The surge in oil prices in 2004-2008 was exacerbated by falling USD foreign exchange (FX) rates. Similarly the 2014-2016 plunge in oil prices was aggravated by U.S. dollar strength. Inside, we present a history of oil prices adjusted for both inflation and broad-based USD FX variation. After such inflation and USD FX rate adjustments, the average price of oil since 1973 is $64/barrel (bbl). The West Texas Intermediate (WTI) oil price has recovered from its 2015-16 slump and averaged $63/(bbl) during 1Q18. Right now, the spot price is above its historic average on our inflation and USD adjusted basis. We expect the dollar to appreciate 3-5% from now as the Fed continues to hike over the coming year. We also think broad based inflation will stay tame. So we see some dollar headwind and only a small broad inflation boost to oil prices, which should leave prices driven by fundamentals. We think the ability of global supply to meet global demand over intermediate and longer-term periods is ample and we think geopolitical supply-side disruptions are unlikely to be large.
Our 2018 whole year S&P 500 Energy sector earnings estimate is $69bn based on a $60-65/bbl average WTI oil price assumption. S&P 500 Energy companies made $15.2bn net profits in 1Q18 on an average $63/bbl WTI, which is ~$61bn annualized profits. As oil prices recovered to essentially normal in 1Q18, we think Energy earnings are not substantially depressed any more. A little, but no longer a lot depressed. There is probably some further operating leverage left at Energy companies to help their earnings rise more than any increase in oil prices, but this leverage appears to have been diminishing in recent sequential quarters. Also, as profits improve some maintenance-capital-expenditure (capex) spending has resumed, causing less free-cash-flow (FCF) upside leverage. Also, some companies should be paying down some debt upon their improved profitability, which curtails the ability to increase dividends or share buybacks.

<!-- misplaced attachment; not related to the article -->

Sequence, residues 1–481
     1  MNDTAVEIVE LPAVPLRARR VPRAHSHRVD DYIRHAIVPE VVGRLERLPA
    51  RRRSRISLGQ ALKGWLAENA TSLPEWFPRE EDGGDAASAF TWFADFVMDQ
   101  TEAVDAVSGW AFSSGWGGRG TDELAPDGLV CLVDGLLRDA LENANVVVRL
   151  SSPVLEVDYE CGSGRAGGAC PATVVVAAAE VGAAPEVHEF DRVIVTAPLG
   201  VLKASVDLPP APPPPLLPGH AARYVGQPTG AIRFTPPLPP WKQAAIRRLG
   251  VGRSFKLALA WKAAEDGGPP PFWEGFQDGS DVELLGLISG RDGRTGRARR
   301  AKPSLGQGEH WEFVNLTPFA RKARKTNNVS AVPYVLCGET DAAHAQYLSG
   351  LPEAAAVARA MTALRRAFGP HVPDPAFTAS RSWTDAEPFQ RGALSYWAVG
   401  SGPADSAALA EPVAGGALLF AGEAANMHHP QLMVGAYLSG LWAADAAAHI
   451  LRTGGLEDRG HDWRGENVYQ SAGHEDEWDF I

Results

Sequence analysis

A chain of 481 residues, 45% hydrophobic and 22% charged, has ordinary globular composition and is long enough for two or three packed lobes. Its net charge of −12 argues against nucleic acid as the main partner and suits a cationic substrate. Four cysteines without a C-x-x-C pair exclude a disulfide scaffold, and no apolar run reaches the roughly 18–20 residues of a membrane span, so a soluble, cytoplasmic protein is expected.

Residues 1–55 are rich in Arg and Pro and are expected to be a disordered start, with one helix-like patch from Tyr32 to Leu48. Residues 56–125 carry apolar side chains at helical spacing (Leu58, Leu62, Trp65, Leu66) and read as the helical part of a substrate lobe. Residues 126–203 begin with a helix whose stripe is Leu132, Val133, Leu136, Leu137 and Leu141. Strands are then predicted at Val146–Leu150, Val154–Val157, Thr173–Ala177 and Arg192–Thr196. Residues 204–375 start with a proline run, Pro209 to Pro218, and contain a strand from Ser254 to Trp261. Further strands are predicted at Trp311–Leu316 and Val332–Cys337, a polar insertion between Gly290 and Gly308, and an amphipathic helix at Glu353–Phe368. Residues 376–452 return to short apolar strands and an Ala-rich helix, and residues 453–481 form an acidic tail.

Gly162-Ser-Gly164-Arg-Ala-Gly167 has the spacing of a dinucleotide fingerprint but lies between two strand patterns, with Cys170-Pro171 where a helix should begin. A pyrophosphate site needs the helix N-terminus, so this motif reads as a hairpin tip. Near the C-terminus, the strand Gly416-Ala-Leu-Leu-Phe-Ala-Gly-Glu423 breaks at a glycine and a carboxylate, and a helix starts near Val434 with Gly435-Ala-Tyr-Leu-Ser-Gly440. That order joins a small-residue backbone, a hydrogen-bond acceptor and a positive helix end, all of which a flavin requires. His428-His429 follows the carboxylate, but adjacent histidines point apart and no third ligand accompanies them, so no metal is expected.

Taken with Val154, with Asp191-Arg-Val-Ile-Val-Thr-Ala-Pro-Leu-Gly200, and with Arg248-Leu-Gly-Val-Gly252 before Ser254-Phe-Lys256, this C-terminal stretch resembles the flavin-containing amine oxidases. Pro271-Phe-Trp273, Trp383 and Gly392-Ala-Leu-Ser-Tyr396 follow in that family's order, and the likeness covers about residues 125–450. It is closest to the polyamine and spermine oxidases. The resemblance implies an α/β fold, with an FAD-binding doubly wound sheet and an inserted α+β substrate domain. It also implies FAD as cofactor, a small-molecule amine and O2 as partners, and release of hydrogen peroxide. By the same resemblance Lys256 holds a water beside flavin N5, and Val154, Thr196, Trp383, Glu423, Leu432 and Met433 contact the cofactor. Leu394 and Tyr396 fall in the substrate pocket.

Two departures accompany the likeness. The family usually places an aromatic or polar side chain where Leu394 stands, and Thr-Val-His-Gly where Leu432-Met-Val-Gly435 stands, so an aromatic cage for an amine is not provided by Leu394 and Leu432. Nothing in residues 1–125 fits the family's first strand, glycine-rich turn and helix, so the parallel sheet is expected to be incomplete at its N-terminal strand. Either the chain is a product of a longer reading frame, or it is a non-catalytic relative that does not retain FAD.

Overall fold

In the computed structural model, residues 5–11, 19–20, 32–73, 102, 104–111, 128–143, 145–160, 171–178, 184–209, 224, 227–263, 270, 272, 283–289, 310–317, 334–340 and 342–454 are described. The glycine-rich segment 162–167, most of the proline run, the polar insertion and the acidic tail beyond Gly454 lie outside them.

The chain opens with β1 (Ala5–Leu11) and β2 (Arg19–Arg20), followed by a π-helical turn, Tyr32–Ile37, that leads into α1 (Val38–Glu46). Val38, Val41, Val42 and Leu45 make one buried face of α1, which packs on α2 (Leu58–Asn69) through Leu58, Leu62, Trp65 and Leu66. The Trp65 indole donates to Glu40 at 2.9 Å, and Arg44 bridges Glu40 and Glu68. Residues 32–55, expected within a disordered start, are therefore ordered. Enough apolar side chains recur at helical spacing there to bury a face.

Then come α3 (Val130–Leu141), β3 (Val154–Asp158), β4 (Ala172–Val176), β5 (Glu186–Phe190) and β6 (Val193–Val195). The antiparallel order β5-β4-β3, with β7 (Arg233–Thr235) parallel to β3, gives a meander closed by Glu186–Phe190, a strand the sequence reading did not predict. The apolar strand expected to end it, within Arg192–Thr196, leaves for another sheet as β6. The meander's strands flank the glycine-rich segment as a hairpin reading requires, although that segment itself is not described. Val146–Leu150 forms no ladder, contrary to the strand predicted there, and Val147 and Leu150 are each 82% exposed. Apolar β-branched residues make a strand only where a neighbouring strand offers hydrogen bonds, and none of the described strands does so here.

Energy consensus forward earnings have been revised up in-step with rising 1-year forward WTI oil price consensus forecasts. The current Energy forward earnings estimate is at a level that is consistent with the usual relationship to the 1-year forward WTI consensus of $61/bbl. Thus, there should not be further 2018E upside revisions to Energy earnings unless the spot WTI oil price stays at the current $71/bbl or above. Our March 2019 global CIO View oil-price forecast of $60/bbl is currently under review.
Since 1982, S&P 500 Energy sector earnings rise by about 1.2x the y/y increase in WTI oil prices. Between 2010 and 2017, this sensitivity is greater at about 1.5x given strong U.S. investment in horizontal drilling and the improved efficiency in extracting crude oil at lower costs. These breakthroughs caused some excess capacity over the last few years, but as this capacity was absorbed by taking global share, the associated recovery in oil prices came with stronger upside leverage of profits to the oil price vs. the very long-term 1.2x relationship. That said, the leverage was less than the 2x or more that many were expecting. When oil prices are falling there is usually a 1.5x or more leverage in profits to percentage oil price decline, as companies aren’t able to cut costs as quickly as the oil price declines.
The impact of oil prices on Energy and overall S&P earnings depends on the levels of oil prices and the share of Energy sector earnings in the S&P 500. Energy earnings are now 5% of S&P, which is significantly lower than the 10%+ weight back in 2010-14. With WTI oil at $60-70/bbl, our analysis shows that every $5/bbl higher in WTI oil from current levels adds ~$1 to S&P 500 earnings per share (EPS) .
Energy is the second best performing sector year to date with WTI oil prices surprising to the upside. We think the crude oil price is probably a little ahead of itself, elevated by recent geopolitical tension. If we assume WTI averages $60-65/bbl in 2018, we are comfortable with our 2018E S&P Energy sector earnings of $69bn. At that earnings estimate for the Energy sector, it is trading at 20.3x our 2018 EPS estimate, which is still the most expensive among all sectors other than Consumer Discretionary. S&P Energy sector market cap is $1.47bn, if we apply a 15x fair price-to-earnings (PE) ratio to whatever its normalized 2018 earnings should be, then Energy earnings should be near $100bn, which we think requires sustained $75-80/bbl WTI oil.
Big Banks are our favorite U.S. Value plays. Other than Banks, we see some relatively decent opportunities in Airlines and Machinery. We prefer these industries over Energy. We encourage investors to look for more Value opportunities outside the U.S., especially in Europe.